How Your Hearts Ache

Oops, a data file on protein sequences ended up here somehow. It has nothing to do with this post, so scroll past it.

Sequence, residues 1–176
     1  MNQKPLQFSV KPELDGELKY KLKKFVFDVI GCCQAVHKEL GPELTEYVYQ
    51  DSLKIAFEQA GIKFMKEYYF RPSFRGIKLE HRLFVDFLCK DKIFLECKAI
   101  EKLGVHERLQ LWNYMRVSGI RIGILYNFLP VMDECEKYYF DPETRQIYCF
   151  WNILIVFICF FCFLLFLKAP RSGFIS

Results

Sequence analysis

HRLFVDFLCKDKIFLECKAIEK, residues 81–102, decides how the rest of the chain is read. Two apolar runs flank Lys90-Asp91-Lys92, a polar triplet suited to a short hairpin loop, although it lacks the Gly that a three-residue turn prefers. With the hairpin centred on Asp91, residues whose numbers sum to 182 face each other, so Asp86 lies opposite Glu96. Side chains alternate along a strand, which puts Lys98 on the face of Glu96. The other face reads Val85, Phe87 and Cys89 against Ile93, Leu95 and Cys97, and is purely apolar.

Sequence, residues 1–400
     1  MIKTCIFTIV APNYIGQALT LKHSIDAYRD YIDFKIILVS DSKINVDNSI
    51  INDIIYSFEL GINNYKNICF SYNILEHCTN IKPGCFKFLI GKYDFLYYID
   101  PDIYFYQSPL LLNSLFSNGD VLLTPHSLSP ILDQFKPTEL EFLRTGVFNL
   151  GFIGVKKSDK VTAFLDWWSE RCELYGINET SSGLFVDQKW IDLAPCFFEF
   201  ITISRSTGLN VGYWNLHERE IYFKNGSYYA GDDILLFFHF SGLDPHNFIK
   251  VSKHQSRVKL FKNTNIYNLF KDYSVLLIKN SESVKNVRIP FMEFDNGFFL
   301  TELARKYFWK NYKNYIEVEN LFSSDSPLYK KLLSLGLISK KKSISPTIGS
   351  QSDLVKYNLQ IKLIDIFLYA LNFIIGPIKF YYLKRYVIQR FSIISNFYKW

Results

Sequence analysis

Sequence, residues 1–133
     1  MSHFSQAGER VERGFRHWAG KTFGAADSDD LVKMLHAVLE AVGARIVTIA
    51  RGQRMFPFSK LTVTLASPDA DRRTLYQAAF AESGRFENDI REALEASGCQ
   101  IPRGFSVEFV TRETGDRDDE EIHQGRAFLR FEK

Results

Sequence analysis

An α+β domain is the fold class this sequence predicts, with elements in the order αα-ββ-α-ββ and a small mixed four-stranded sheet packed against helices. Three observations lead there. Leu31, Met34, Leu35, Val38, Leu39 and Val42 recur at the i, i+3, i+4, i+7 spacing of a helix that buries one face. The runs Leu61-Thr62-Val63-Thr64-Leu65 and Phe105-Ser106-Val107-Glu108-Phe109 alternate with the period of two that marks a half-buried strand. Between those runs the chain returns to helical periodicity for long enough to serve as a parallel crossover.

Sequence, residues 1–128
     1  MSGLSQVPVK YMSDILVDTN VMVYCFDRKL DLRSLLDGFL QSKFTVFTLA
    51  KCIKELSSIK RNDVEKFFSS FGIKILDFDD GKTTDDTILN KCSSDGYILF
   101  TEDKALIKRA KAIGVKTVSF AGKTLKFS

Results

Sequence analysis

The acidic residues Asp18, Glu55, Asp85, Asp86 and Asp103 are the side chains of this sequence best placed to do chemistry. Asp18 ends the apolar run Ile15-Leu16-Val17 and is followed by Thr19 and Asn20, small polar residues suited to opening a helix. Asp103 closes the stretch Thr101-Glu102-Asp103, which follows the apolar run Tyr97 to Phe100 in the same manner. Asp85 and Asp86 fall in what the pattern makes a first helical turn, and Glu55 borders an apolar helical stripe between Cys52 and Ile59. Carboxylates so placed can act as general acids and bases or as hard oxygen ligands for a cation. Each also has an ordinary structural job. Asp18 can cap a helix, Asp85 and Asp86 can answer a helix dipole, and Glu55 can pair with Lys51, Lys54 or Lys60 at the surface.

It must have been a dream. I was in a very dry, very quiet place. Is this the Atacama Desert in Chile? I am not sure. The days are broiling and the sun is blinding. During the day the sky is perfectly blue and cloudless. The nights are freezing and there are millions of stars. As soon as the sun sets, the temperature plummets. There is little vegetation. None of it is green. There are many snakes and scorpions. I am sunburned on the top of my head, and my body is freezing despite the fire. Despite a blanket. I do not understand how we have fuel for a fire. Is it wood? Is it dung? I don’t know. My companions, who appear to be Aymara people, joke about how ill suited I am for this place, their home. Wrong color. Wrong shape. Wrong age. Hands too soft. Feet not hard enough. Very unusual person for here. They are sympathetic to my discomfort. Their kidding is all good natured, a sign of their affection, a part of our being here together. As we sit, they sing songs. The songs are all about rain, even though it has probably never rained in this spot. Ever. Why, I ask them, are all their songs about rain? An old man sitting next to me smiles at the question. “We sing about what we don’t have.” Why, I wonder, are almost all of the songs in the place of my birth about love? The old man sees the sadness appear on my face. “You don’t sing about rain where you come from,” he says. “You must have rain.” He looks up at the stars. “No. Do you sing instead about how your hearts ache?” I nod. He touches me on the shoulder.